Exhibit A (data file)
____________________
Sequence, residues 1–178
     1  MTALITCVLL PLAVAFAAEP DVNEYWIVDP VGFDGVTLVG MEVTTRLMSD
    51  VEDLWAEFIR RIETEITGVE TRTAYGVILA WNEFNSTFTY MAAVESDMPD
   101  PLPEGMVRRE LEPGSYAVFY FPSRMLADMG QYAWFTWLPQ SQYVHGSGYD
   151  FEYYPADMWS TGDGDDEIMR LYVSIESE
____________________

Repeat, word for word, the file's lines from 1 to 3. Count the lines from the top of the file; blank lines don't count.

Sequence, residues 1–178
     1  MTALITCVLL PLAVAFAAEP DVNEYWIVDP VGFDGVTLVG MEVTTRLMSD
    51  VEDLWAEFIR RIETEITGVE TRTAYGVILA WNEFNSTFTY MAAVESDMPD